Wednesday, December 7, 2011

The Dessert Tray by S.G. Rogers

The Dessert Tray

Whenever I concoct a short story, I approach it like an improvisation class.  That is to say, a couple of actors get on the stage with opposing goals in mind and then they duke it out.  Since the time on stage is limited, it’s best to get the goals established as soon as possible and have the conflict begin right away. 

Okay, improv class is over.  You watched maybe ten different scenes, and some of them were pretty good.  Perhaps one or two were really great.  Which ones stuck out in your mind…and why?  I’m guessing the standout actors had the ability to make you care about them and how they resolved their conflicts. 

That’s the secret to a great short story, the kind where your eyes are glued to the page as you read, and you sit back afterwards with a little gasp.  You think about the characters before you drift off to sleep, and into the next day, and you can’t wait to tell your buddies about the totally awesome golden nugget you discovered.  Your tail wags as you ponder how the story could be made into a movie…and you start casting actors in your mind.


Personally, I’m a proud graduate of Reject U.  You can learn a lot about yourself and writing from
rejection.  Even the form rejects tell you something important.  Assuming you submitted your literary genius to the correct forum and they reject you without comment…guess what?  The editors read at least enough of your story to know they didn’t care enough to publish it. 

So what makes readers care?  Flawed characters are inherently more interesting than the ones coated with Teflon.  Unexpected vulnerability is more memorable than clich├ęd weakness.  Cool settings are fabulous, but it’s the players who matter.  I wrote a story once about a guy so perfect my writing group wanted to kick him into a ditch and give him Murder on The Orient Express treatment.  Although I was shocked at the time, that blunt feedback was a gift that taught me a valuable lesson.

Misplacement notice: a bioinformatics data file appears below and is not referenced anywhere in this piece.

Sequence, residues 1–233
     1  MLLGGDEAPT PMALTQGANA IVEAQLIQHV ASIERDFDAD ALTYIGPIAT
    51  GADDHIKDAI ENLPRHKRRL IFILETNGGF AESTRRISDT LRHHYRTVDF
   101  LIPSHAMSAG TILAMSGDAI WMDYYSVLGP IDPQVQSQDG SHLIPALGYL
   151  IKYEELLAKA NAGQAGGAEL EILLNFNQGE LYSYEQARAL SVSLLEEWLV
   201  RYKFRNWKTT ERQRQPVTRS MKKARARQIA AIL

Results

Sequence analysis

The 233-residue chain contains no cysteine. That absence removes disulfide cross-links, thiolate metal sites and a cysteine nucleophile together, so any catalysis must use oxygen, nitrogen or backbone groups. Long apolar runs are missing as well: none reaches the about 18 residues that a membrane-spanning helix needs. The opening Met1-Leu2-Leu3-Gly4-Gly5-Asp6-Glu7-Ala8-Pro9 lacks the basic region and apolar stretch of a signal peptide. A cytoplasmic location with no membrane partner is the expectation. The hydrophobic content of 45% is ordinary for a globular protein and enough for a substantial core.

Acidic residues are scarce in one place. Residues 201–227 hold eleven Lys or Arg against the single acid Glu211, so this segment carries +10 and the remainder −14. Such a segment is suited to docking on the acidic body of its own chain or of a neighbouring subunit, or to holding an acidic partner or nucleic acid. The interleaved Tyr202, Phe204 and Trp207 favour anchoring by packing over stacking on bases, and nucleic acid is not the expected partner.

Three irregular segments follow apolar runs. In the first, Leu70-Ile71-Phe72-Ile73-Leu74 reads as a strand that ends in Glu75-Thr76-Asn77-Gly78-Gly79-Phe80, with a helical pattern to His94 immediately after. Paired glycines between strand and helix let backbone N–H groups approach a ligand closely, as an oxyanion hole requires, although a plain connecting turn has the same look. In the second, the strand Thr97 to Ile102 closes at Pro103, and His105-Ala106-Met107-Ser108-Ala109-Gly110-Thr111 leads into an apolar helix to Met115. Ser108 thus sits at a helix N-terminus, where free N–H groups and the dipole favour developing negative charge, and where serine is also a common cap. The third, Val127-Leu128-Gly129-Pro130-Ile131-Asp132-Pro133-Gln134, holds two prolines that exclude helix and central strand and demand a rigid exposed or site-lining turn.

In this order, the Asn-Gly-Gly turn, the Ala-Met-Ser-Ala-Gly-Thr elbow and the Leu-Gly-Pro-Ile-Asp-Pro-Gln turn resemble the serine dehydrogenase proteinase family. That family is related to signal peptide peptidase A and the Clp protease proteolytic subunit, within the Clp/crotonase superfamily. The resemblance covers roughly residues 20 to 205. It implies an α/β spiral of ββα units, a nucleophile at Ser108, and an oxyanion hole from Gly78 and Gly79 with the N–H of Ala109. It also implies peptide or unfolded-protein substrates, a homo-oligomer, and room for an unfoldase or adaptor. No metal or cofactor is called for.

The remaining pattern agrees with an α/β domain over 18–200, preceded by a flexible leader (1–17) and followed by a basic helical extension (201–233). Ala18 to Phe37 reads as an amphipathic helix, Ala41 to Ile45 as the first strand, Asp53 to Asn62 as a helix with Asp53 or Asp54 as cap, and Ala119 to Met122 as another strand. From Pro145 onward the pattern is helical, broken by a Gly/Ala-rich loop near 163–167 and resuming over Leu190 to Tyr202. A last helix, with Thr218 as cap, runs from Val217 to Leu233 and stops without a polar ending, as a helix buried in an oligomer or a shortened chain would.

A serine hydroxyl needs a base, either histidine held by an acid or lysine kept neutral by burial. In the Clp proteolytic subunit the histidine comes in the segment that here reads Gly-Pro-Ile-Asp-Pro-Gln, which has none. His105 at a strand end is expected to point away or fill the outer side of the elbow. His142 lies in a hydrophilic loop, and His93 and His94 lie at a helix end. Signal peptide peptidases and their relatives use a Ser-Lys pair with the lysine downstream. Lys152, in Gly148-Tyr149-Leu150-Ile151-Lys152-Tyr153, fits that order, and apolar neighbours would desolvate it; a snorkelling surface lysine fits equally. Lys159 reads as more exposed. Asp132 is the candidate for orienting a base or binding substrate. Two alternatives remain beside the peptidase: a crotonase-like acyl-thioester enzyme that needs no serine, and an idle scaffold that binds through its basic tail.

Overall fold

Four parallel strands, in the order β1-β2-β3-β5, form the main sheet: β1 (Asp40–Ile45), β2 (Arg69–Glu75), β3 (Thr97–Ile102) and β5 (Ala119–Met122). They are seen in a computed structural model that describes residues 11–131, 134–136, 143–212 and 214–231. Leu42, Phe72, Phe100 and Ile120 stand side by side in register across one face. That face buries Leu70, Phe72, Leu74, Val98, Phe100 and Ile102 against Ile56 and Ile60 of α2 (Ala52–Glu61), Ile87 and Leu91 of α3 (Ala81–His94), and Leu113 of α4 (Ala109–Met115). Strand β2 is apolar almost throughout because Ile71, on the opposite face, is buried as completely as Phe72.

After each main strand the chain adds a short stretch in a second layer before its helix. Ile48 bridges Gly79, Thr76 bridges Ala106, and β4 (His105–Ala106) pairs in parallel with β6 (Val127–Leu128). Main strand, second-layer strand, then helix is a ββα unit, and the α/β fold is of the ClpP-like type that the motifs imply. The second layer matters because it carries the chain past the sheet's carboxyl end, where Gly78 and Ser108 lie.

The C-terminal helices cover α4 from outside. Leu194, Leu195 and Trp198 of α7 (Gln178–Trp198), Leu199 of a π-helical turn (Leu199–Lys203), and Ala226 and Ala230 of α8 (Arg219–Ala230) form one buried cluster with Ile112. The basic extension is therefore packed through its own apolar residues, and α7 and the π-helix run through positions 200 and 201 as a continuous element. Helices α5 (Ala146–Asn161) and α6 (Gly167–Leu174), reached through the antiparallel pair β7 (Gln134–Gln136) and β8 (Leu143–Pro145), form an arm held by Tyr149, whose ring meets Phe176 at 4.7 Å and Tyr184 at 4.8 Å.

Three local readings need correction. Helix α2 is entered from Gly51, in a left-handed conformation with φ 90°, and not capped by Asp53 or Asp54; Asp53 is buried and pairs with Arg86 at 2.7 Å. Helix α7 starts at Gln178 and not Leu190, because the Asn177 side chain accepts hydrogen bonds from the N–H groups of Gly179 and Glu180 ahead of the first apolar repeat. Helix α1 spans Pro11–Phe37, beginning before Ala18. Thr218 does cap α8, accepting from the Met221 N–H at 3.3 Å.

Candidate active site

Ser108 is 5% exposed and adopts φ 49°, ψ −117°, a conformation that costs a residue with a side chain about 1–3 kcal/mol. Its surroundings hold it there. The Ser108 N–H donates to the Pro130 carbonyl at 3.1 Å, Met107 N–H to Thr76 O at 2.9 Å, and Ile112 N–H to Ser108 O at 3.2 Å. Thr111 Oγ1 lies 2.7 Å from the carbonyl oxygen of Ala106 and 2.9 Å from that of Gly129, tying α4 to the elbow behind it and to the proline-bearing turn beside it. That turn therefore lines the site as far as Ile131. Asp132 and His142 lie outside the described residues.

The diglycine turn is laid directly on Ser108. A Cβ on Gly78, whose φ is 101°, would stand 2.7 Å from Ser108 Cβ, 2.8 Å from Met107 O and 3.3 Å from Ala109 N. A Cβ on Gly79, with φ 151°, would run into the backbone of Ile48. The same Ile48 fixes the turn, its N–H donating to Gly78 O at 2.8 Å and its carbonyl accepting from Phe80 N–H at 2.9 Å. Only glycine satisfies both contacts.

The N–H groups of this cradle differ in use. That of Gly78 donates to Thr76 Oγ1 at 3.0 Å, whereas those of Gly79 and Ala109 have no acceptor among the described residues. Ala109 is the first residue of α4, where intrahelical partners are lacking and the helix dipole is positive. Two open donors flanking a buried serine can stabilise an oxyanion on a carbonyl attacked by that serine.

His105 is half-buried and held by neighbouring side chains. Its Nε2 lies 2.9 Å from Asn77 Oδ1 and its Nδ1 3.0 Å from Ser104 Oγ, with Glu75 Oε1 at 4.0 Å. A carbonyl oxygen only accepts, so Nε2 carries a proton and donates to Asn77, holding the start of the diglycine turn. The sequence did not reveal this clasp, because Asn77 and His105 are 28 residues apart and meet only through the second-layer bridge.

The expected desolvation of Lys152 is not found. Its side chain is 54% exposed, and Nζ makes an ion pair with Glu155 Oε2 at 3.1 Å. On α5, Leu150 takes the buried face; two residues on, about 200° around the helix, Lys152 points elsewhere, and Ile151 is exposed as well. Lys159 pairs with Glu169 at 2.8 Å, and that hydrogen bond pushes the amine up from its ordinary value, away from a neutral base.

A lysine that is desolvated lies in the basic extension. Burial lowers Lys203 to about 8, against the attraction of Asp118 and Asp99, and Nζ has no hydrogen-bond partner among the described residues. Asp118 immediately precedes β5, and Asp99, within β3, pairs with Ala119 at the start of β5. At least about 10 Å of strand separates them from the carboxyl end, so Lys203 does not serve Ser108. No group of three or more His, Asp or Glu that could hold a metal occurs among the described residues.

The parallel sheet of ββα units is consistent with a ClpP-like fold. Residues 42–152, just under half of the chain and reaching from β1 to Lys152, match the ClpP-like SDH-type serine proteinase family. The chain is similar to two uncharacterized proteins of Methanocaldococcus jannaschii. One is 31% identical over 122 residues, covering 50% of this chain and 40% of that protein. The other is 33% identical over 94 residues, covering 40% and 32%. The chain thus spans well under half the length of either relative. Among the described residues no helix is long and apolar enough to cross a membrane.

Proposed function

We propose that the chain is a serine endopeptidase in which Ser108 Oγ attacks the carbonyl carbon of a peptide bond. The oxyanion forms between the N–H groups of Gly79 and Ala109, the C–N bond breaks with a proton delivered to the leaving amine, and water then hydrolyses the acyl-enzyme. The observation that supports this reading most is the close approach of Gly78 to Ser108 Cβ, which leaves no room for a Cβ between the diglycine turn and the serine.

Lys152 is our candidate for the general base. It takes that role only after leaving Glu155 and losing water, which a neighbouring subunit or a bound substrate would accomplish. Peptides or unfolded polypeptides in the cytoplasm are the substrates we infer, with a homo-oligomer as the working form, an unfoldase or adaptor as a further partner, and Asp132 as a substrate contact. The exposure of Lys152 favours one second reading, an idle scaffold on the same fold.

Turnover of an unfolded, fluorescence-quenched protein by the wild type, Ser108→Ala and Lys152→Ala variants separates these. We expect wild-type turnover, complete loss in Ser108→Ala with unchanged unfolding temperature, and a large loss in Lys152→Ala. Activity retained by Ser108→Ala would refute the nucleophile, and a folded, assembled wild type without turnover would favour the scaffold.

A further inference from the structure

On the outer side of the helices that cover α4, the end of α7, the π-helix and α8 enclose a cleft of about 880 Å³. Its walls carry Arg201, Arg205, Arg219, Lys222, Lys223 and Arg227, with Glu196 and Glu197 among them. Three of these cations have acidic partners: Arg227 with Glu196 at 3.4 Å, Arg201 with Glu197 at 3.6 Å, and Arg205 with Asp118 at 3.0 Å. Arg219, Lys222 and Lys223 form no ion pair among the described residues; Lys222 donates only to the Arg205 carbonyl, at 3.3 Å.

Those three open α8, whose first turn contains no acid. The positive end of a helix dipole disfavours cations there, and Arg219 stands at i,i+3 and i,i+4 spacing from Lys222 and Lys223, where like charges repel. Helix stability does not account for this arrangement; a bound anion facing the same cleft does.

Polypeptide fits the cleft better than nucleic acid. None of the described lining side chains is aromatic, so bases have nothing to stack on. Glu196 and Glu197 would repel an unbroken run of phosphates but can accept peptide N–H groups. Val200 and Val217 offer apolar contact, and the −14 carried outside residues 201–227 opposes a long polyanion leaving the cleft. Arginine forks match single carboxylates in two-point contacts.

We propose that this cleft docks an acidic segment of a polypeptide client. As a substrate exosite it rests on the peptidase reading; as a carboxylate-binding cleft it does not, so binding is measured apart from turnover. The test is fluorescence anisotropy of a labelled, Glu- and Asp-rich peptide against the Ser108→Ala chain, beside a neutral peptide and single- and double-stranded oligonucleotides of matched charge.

I want to read stories in which the author brings in the characters and then sets the stage.  I want to hear that line of dialogue that causes my eyes to widen.  I don’t want to witness the ambush; I want to see the blood pouring from the wound—and discover what the character is going to do about it. 


A speculative fiction short story should be like a small sliver of fantastic cheesecake.  From the first bite, you know you’ve got a special dessert.  It’s rich and satisfying the whole way through and goes well with a cup of coffee.  Afterwards, you crave more.  As an added bonus, it ends up in your imagination, not on your thighs.  ~S.G. Rogers



Being dedicated to the diabolical doesn’t seem to satisfy Jem anymore.  When the gorgeous demon poses for elderly artist Greer Richmond, the two form a connection.  Greer senses good in her, but Jem rebels against the idea by going on a Vegas bender.  After Jem gets word Greer is about to die, she inexplicably wants to make sure he gets to heaven—but her boss has other plans.  As penance for her interference, Jem is assigned to take one of Greer’s descendants instead.  Unfortunately handsome Dare Richmond awakens feelings in Jem a demon isn’t supposed to have.  Will Jem be able to complete her task, or has fate dealt the demon an impossible hand?





Download S.G. Rogers’ short story Apocrypha HERE, free as part of Musa Publishing’s Twelve Days of Christmas celebration.  Look for S.G. Rogers’ Asgard Adventure series (April 2012), beginning with The Druid.  Nordic mythology gets a modern twist in The Druid, in which an adventuresome woman meets an Immortal hero from the pages of a book—bigger than life and twice as Elvish.  To learn more about S.G. Rogers, visit her blog at www.childofyden.com.

5 comments:

Lindsay said...

Love the analogy

Amaleen Ison said...

Wonderful post. You've helped to demystify the process of writing a short story.

Sharon Ledwith said...

Love flawed characters - like seeing a chewed, bloody ear on Lassie. Brilliant!Looking forward to your release with Musa!

Pat McDermott said...

A nice blunt writing group is a treasure. Glad you considered their advice. Thanks for passing it on.

Jan Romes said...

Lots of good info, Suzanne! :-) Thanks for sharing!!